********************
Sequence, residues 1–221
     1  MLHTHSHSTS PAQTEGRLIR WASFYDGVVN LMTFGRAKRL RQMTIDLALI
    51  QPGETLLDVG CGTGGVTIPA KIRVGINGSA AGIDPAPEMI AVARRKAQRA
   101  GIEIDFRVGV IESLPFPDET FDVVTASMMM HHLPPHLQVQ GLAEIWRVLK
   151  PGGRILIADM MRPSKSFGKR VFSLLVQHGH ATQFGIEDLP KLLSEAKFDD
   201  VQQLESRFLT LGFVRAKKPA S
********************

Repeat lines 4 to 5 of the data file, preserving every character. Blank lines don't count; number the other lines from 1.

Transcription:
   101  GIEIDFRVGV IESLPFPDET FDVVTASMMM HHLPPHLQVQ GLAEIWRVLK
   151  PGGRILIADM MRPSKSFGKR VFSLLVQHGH ATQFGIEDLP KLLSEAKFDD